Feature: Upper Egyptian farm workers eager for sugarcane harvest for better lives

Source: Xinhua| 2021-03-05 18:31:55|Editor: huaxia
Video PlayerClose

QENA, Egypt, March 5 (Xinhua) -- "Harvest of sugarcane is the season of paying the debts and meeting our needs," said Abdel Rahman Eryan, a 23-year-old farm worker.

Heading to one of the harvesting lands in Upper Egypt's province of Qena where most of the country's sugarcane crops are cultivated, Eryan said most of the young people in his village are eager for this occasion because it is their main source of earnings from January to May.

He routinely works for eight hours from early morning and makes 100 Egyptian pounds (6.4 U.S. dollars) on a daily basis.

"Harvest of sugarcane requires full attention because the tools are very sharp," Eryan explained.

Every two hectares need 10 workers to cut the crop for five days, while others collect and transfer the reaped crops to the factories, he told Xinhua.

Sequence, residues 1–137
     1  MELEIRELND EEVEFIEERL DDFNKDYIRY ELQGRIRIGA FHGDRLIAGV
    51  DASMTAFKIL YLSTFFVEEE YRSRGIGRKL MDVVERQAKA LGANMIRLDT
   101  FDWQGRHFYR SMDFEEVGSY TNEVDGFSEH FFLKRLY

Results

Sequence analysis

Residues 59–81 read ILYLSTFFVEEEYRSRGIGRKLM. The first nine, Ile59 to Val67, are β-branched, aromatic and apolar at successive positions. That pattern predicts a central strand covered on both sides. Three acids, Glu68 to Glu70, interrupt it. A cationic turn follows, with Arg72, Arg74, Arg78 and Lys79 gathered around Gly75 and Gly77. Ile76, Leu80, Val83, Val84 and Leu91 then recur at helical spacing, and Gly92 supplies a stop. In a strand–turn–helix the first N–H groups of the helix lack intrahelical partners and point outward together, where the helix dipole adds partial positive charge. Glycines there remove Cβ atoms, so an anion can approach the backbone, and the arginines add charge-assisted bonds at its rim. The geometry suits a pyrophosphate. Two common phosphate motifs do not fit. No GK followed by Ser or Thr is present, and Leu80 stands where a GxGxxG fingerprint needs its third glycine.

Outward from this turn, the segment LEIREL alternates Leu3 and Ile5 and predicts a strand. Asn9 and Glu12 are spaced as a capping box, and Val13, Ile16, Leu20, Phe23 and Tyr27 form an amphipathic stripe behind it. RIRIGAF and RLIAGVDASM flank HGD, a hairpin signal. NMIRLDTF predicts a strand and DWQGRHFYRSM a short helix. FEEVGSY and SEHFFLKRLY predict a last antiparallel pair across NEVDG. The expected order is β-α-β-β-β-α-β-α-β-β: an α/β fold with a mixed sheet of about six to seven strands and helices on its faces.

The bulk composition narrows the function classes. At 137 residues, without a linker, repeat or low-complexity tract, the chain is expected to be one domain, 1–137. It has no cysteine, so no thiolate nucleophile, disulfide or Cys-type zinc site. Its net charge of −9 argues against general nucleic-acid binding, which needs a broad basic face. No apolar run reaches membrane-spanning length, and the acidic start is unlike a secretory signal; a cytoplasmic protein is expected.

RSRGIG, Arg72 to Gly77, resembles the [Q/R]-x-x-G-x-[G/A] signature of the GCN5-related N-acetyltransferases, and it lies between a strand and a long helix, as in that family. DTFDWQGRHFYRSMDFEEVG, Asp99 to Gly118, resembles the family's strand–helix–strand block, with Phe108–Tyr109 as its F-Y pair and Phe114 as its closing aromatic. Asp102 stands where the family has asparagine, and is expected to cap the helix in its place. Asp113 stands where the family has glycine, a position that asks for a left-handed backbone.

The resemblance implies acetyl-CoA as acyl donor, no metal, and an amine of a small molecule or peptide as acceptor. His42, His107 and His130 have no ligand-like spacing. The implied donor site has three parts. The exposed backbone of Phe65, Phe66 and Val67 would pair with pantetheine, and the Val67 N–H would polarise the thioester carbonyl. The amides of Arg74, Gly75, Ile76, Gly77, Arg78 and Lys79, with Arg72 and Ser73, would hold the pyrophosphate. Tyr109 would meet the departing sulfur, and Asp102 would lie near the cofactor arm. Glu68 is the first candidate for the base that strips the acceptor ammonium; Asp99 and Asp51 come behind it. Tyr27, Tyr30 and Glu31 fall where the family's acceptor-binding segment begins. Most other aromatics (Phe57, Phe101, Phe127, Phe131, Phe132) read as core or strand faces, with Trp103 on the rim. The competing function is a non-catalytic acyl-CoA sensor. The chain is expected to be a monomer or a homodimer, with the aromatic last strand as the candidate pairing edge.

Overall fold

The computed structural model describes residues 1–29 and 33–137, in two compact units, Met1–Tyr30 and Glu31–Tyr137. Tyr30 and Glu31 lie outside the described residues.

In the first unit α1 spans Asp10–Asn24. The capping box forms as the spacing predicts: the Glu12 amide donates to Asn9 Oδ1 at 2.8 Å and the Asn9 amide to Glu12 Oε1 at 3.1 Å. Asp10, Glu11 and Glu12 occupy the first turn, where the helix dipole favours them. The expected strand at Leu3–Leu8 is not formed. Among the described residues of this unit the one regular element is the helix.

Farouq Shaker, a sugarcane farmer in northern Qena, said cutting, piling and transferring the crops is a kind of festival for the whole family, especially the children.

After a day's work on the farm, all the family members, neighbors and friends gather at night, peeling and eating the sweet canes while listening and dancing to the traditional music, Shaker told Xinhua.

Ashraf AbdelRaziq, deputy minister of agriculture in Upper Egypt, told Xinhua that the harvest season of sugarcane is known as the time of goodness for local farmers, seasonal workers, owners of tractors, and even animals that eat the green leaves of the plant.

"The lands cultivated with the sugarcane in Qena have reached 52,608 hectares, which makes up 50 percent of the total area," said AbdelRaziq,

Alla Mohamed, an engineer of the government-owned Sugar and Integrated Industries Company responsible for the processing of the country's sugarcane, told Xinhua that 3 million tons out of the annual 10 millions tons of the crop provided by the nationwide farmers come from Qena.

To produce sugar, the cane is crushed to heat and filter the juice, followed by a series of crystallization steps for raw sugar, before removing any remaining juice or syrup by centrifugation, Mohamed noted.

The state-run company produces 1.2 million tons of sugar per year, all extracted from sugarcane, said Mohamed, adding Egypt's yearly production of sugar amounts to 2.9 million tons, from either sugarcane or beet, another major raw material of sugar. Enditem